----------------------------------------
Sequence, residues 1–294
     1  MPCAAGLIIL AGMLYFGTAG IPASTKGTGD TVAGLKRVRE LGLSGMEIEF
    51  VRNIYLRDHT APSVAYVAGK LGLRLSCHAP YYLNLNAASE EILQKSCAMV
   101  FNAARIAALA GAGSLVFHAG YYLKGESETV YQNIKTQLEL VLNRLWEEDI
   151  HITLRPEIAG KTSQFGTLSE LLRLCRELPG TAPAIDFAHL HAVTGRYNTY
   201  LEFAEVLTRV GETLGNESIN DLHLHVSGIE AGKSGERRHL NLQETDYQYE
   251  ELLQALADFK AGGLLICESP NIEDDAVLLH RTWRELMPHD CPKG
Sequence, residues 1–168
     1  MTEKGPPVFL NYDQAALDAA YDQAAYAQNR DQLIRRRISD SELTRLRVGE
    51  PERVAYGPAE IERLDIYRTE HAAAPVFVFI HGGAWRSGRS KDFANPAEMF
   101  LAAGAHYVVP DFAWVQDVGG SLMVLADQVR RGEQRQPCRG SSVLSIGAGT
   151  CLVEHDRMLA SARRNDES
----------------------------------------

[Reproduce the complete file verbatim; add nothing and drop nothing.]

Sequence, residues 1–294
     1  MPCAAGLIIL AGMLYFGTAG IPASTKGTGD TVAGLKRVRE LGLSGMEIEF
    51  VRNIYLRDHT APSVAYVAGK LGLRLSCHAP YYLNLNAASE EILQKSCAMV
   101  FNAARIAALA GAGSLVFHAG YYLKGESETV YQNIKTQLEL VLNRLWEEDI
   151  HITLRPEIAG KTSQFGTLSE LLRLCRELPG TAPAIDFAHL HAVTGRYNTY
   201  LEFAEVLTRV GETLGNESIN DLHLHVSGIE AGKSGERRHL NLQETDYQYE
   251  ELLQALADFK AGGLLICESP NIEDDAVLLH RTWRELMPHD CPKG
Sequence, residues 1–168
     1  MTEKGPPVFL NYDQAALDAA YDQAAYAQNR DQLIRRRISD SELTRLRVGE
    51  PERVAYGPAE IERLDIYRTE HAAAPVFVFI HGGAWRSGRS KDFANPAEMF
   101  LAAGAHYVVP DFAWVQDVGG SLMVLADQVR RGEQRQPCRG SSVLSIGAGT
   151  CLVEHDRMLA SARRNDES